Karpowership, the Turkish floating power specialist, has its sights set on securing a project in Mozambique now that three proposed schemes in South Africa look increasingly likely to fail.
The company’s business model is to provide countries experiencing energy shortfalls — all developing nations — with electricity via nearshore power barges that use gas or oil as feedstock.
In Africa, Karpowership barges are deployed in the Ivory Coast, Ghana, Guinea-Bissau, Senegal and Sierra Leone, under contracts running to 10 years at most.
Unusually, the three South African projects were each due to run for 20 years to resolve what the government called an “emergency” power shortage at a cost level — estimated to be about 225 billion rand ($12.26 billion) — many observers deemed expensive and which the cash-strapped government could ill-afford.
The Mozambique power barge, with a capacity of 415 megawatts, would be moored at Matola harbour in Maputo under a minimum three-year contract and would be powered by heavy fuel oil (HFO).
The schedule is unclear, but a draft environmental pre-feasibility study was completed late last year which sketched out details of a project that would feed electricity to state-owned power utility EDM.
Matola is also the proposed location where a group that includes TotalEnergies has plans to install a floating storage and regasification unit that would feed gas to buyers in Mozambique, and potentially South Africa, via new pipeline infrastructure.
According to mapping data on the two new projects, the FSRU and power barge will operate at different locations.
This would be the Turkish player’s second power-barge deal in the country — its first being a 125 MW HFO-fed unit moored in Nacala port where plans to convert it to run on liquefied natural gas have been delayed.
This 10-year contract with EDM began in 2018, immediately after Karpowership came to the end of a two-year deal whereby a 115 MW power barge, also moored in Nacala, supplied electricity to Zambia via EDM's Mozambican infrastructure.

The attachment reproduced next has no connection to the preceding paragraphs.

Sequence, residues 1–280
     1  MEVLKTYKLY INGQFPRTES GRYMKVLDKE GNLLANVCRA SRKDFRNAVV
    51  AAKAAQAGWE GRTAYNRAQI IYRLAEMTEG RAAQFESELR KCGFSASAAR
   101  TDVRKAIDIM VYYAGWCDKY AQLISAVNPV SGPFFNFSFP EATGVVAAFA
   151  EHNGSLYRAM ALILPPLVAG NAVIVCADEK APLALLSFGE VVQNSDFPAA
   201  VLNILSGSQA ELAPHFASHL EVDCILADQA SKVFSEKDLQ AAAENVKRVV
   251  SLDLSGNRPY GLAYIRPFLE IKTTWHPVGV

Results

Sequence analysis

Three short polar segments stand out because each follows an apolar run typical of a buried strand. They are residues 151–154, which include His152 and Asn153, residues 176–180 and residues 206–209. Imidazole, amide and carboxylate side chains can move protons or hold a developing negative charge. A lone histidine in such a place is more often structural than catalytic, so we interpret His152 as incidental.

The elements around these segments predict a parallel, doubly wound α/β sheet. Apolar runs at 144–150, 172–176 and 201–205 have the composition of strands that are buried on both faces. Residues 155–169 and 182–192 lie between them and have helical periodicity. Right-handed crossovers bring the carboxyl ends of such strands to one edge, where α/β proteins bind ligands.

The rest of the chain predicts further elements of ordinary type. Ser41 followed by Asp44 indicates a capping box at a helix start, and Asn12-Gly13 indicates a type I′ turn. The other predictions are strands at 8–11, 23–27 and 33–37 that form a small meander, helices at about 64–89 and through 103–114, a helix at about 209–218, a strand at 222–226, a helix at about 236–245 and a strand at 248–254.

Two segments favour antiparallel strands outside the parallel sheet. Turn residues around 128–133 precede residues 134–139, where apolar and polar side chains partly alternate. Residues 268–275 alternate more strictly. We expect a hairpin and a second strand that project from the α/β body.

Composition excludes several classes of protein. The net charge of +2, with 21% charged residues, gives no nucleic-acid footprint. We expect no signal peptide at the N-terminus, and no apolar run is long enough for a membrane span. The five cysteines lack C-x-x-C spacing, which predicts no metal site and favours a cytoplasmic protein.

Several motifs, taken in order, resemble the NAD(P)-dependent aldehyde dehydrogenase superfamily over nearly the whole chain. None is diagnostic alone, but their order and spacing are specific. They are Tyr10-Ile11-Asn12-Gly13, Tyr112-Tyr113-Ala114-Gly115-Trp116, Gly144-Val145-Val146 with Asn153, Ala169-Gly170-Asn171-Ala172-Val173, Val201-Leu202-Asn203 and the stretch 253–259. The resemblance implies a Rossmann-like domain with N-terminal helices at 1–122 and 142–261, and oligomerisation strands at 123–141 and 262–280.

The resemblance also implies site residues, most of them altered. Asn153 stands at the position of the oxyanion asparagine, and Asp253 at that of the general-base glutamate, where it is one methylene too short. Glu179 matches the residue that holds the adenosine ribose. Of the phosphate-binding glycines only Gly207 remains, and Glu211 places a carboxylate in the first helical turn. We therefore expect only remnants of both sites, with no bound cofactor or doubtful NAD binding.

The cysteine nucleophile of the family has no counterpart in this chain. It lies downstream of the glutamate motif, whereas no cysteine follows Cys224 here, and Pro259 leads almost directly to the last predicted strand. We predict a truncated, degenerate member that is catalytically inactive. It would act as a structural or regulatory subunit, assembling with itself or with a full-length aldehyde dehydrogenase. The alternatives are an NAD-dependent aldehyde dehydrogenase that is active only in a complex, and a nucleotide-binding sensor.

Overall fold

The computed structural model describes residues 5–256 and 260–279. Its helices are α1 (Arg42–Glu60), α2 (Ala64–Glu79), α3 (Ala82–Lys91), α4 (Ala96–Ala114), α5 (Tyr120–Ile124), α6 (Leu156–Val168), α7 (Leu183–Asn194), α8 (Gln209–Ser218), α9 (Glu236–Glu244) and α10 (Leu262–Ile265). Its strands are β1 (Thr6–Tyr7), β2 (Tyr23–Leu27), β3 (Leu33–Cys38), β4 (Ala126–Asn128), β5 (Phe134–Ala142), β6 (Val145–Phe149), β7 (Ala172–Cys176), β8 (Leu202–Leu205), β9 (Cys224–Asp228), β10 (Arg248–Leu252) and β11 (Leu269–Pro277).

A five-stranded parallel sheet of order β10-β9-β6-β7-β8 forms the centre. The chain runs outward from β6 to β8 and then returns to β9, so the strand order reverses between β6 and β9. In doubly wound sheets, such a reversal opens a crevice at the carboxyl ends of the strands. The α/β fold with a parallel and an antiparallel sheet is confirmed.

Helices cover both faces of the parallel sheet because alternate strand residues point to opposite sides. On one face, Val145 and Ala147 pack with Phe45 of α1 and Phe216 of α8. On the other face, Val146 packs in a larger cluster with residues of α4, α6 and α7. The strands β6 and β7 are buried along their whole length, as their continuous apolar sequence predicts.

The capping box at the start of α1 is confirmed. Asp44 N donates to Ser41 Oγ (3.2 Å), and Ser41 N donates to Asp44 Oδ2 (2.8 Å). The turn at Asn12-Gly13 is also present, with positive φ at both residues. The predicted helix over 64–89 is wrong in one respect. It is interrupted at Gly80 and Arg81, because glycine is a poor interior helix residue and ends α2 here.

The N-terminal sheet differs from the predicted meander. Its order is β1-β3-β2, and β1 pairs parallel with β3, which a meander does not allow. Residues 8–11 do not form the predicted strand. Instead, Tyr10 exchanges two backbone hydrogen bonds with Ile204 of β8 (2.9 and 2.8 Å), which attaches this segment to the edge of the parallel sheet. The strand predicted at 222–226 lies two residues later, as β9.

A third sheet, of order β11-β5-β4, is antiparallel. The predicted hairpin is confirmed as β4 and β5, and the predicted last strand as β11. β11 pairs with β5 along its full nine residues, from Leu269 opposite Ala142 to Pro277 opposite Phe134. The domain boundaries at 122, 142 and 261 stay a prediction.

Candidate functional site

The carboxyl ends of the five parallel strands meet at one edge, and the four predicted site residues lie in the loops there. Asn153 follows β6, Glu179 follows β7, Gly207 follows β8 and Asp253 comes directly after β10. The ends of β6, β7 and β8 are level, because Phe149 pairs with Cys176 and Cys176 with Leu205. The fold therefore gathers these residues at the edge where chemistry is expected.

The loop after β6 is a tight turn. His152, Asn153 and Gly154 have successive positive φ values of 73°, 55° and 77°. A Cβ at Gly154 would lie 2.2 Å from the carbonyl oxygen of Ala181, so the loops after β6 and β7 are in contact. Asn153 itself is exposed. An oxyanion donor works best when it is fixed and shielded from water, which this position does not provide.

South Africa impasse
Back in South Africa, Karpowership’s plan to deploy power barges — fed by liquefied natural gas stored in three floating storage and regasification units — in Saldanha Bay, Richards Bay and Coega continues to be hit by roadblocks.
Earlier this week, the Department of Fisheries, Forestry & Environment (DFFE) refused to grant environmental approval for the 450 MW Coega project which calls for two power barges — a larger Khan-class unit and a smaller Shark-class vessel — plus an FSRU.
This news came after the DFFE on 7 March said it had suspended the application for environmental authorisation for the 320 MW Saldanha Bay scheme, pending an investigation into allegations of a failure to ensure compliance with South Africa’s environmental impact assessment (EIA) regulations.
This smaller scheme on South Africa’s west coast involves a Khan-class vessel and an FSRU.
In addition, the final EIA report for Richards’ Bay, dated 6 January 2023, was withdrawn on 2 March for reasons that are unclear.
This project is exactly the same as for Coega in terms of the vessel types and numbers needed.
The Saldanha Bay allegations were brought by local campaign group, Green Connection, which said: “We are happy the department is investigating our complaint and are confident that they will find in our favour.
“While we are somewhat confused by the environmental assessment practitioner’s decision to withdraw the application in Richard’s Bay, hopefully this signifies the end of the Karpowership saga.
“Hopefully, authorities can focus on bringing affordable and appropriate energy to the grid to address load shedding,” Green Connection said.
Originally, Karpowership submitted applications for environmental authorisations for the three projects in October 2020, but the government rejected all these applications in June 2021.
Since then, the company has been caught up in a fraught, long-running environmental approval process.
Karpowership was approached for comment.
* Article updated with additional information on Mozambique and South Africa projects.